One fleeting moment in the sun
It is the fate of the substitute fielder to remain forever anonymous. Whatever remarkable feats he achieves, the best he can ever hope for is a c sub in the scorecard, and any achievements do not count for the records.
Almost always, the substitute's role is unremarkable. Occasionally, he does something special. For example, when England beat West Indies at Lord's in 1995, Paul Weekes, a county journeyman at Middlesex fielding because Graham Thorpe had the flu, took two good and crucial short-leg catches. And at Trent Bridge in 1930, Sydney Copley, one of the most anonymous of all substitutes, took one of the most crucial catches of them all.
The fourth day of the first Ashes Test started with the game evenly poised. Australia, set a daunting target of 429 to win, resumed at 90 for 1, but England were handicapped by the absence of Harold Larwood, who did not take the field at the start of play as he was suffering from gastritis.
Copley, then 24, was on the groundstaff at Trent Bridge, but had not threatened to break into the first team; in fact, he had only made four undistinguished second-team appearances in 1926 and 1927. But he had a reputation as a good outfielder.
"On my arrival that morning the tannoy system was calling my name to report to the secretary's office," he recalled years later. "On arriving there I met the captain, Percy Chapman, and Jack Hobbs. I was asked how I would like to substitute for England. I was thrilled to do so, of course. I had done a lot of 12th-man duty for the Nottinghamshire XI so I was not too nervous, just a little. Hobbs soon put me at ease with a few kind words."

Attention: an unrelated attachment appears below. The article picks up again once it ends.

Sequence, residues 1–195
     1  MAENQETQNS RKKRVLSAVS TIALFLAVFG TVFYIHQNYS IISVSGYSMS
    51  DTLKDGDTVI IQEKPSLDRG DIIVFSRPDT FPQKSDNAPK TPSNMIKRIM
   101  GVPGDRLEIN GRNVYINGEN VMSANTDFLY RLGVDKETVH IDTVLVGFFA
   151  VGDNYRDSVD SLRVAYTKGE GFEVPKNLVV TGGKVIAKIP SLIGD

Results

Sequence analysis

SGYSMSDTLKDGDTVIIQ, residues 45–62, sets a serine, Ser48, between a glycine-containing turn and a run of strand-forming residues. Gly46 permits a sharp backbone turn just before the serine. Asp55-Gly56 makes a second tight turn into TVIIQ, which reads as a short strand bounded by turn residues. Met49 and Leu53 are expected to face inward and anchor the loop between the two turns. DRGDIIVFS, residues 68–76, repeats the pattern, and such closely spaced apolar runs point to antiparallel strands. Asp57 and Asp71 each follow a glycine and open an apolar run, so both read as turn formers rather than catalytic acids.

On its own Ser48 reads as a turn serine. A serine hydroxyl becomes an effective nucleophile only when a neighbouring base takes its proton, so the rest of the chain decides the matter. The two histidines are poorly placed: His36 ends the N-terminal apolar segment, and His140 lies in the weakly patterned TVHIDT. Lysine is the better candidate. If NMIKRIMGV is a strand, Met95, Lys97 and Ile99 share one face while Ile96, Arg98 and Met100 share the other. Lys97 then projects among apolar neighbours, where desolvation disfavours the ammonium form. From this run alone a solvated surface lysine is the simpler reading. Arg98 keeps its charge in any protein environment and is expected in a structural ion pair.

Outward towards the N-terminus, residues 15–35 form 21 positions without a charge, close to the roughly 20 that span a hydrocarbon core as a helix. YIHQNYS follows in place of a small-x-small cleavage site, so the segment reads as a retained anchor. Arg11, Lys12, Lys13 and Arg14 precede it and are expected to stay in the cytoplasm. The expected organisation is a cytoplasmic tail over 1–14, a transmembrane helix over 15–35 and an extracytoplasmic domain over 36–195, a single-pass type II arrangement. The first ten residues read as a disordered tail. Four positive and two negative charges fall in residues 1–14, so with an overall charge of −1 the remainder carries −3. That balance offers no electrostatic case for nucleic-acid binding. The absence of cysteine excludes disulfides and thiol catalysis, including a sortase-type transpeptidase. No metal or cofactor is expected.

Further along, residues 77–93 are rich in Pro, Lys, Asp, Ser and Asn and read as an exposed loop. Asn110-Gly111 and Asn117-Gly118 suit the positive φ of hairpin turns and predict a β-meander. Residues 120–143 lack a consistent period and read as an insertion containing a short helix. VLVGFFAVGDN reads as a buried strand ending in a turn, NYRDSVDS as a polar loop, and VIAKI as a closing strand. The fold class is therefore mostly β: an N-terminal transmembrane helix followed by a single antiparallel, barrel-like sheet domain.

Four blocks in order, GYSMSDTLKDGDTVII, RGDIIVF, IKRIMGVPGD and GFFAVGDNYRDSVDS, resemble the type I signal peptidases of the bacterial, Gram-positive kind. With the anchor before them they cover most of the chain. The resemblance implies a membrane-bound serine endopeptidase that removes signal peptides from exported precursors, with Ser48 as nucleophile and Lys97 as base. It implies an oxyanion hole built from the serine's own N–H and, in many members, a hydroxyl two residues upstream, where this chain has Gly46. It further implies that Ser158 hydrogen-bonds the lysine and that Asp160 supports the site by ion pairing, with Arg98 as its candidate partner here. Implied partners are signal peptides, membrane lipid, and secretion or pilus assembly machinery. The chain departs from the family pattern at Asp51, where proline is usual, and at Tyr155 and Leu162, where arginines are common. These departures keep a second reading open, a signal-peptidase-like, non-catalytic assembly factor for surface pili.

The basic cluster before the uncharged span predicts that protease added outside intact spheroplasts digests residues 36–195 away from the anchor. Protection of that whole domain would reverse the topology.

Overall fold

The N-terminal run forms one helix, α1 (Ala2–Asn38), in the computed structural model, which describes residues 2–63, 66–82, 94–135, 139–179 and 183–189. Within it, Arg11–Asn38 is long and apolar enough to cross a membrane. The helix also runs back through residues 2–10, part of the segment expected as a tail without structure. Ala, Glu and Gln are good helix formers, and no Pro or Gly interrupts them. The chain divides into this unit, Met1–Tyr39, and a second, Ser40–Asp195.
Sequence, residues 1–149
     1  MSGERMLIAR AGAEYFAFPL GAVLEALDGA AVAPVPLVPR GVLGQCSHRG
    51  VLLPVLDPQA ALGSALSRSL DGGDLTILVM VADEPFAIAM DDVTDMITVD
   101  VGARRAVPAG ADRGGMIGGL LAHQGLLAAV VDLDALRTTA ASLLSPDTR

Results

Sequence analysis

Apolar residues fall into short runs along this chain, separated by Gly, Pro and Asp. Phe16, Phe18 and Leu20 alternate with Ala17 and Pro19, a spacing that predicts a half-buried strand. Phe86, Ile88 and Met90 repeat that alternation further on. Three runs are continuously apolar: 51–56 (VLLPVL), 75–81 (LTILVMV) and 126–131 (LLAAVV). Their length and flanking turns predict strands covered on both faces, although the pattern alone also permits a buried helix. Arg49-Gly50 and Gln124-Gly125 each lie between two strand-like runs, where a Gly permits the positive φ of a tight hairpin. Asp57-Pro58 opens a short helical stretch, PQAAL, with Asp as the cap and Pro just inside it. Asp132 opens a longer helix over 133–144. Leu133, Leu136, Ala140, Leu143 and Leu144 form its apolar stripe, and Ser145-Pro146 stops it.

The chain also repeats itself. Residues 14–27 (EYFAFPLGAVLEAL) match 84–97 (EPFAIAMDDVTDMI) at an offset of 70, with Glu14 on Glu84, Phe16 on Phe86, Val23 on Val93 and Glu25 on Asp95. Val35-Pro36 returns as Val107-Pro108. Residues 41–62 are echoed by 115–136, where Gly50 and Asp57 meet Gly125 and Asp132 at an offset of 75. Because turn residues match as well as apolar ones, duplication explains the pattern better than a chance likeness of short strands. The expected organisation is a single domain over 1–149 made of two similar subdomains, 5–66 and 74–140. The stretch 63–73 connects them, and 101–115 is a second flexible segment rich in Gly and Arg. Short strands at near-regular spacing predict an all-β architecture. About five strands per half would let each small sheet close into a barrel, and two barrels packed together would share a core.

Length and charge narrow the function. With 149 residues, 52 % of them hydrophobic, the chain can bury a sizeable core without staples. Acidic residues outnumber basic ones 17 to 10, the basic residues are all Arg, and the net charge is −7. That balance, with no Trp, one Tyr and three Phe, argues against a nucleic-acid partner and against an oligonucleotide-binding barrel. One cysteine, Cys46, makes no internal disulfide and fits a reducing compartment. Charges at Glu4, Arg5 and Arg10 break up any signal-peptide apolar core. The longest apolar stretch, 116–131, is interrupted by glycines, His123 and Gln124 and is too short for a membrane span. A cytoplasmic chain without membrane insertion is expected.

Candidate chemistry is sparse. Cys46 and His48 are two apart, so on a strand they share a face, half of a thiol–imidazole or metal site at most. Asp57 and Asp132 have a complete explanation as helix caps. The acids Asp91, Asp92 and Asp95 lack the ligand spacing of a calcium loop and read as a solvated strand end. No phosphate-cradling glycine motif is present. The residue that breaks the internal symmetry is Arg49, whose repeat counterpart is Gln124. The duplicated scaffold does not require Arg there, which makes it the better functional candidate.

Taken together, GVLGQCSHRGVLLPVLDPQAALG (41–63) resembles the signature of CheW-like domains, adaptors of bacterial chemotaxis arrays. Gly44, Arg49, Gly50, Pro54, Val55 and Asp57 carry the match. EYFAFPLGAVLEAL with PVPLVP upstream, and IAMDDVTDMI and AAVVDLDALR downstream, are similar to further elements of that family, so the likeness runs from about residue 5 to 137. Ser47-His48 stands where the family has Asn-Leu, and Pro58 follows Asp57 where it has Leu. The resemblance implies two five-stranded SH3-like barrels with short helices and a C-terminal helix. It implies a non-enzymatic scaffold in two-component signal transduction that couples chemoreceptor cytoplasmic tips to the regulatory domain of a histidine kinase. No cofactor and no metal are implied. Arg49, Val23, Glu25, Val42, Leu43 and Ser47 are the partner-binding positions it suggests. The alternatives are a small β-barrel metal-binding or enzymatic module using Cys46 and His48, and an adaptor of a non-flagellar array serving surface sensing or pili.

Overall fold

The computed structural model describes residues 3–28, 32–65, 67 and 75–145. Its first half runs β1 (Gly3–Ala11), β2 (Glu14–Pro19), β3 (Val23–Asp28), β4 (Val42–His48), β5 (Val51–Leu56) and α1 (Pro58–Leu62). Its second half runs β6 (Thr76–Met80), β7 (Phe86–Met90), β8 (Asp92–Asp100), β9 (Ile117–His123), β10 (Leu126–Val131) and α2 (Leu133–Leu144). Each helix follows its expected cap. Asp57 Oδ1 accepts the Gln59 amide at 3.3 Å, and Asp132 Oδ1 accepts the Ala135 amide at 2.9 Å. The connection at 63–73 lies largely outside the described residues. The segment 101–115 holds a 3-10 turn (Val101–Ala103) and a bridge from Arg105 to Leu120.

Although Australia soon lost Bill Ponsford and Alan Kippax, their most dangerous batsmen, Don Bradman and Stan McCabe, began to build a frustrating stand. Walter Robins eventually dismissed Bradman for 131, but McCabe was still there and beginning to cut loose when Copley's moment came.
"Right from the first ball I fielded things went well for me," he explained. "Maurice Tate had said to me how Stan was very strong on the on side and to watch out if he pitched short, as Stan would be on to it like a flash.
"I was at mid-on when it happened, being on the move already as I was always on the lookout for this shot against the short ball. Stan played it hard and low not more than six inches off the ground. I made many yards to reach it and with a terrific effort I seized the ball and turned a somersault, still clinging to the ball, to break up a dangerous partnership. I was picked off the ground by a very jubilant captain. It certainly turned out a great day for me!"
Wisden's report supports Copley's own recollection, commenting that he "made a lot of ground, took the ball at full length and although rolling over, retained possession." That ended any lingering hopes Australia had, and that afternoon England completed a 93-run victory.
Copley made his first-class debut for Nottinghamshire against Oxford University the following week, but achieved little - and that was the extent of his first-class career. He moved north to Cupar in Scotland, where he was player-coach for six years, and from there to King William's College on the Isle of Man where he was coach and head groundsman for more than 30 years.
His role in cricket history is ephemeral and almost entirely unrecorded. But for one glorious moment, he was the story.
Other famous English substitutes
1982 - Neil Taylor, the Kent batsman, held a sharp catch off Ian Botham to remove India's Sandip Patel
1984 - Don Topley of the MCC groundstaff held a steepling catch at long leg at Lord's when Malcolm Marshall hooked Bob Willis ... only to step back over the rope
1989 - Another member of the Lord's groundstaff, Robin Sims, caught Allan Border for 1 at long leg
1995 - A mixed performance from Ben Spendlove, on the Derbyshire staff, who held two catches against South Africa at Edgbaston only to drop Jonty Rhodes, a miss which went some way to enabling South Africa to avoid the follow-on
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The Cricketer Various 1974 and 1930
Martin Williamson is managing editor of Cricinfo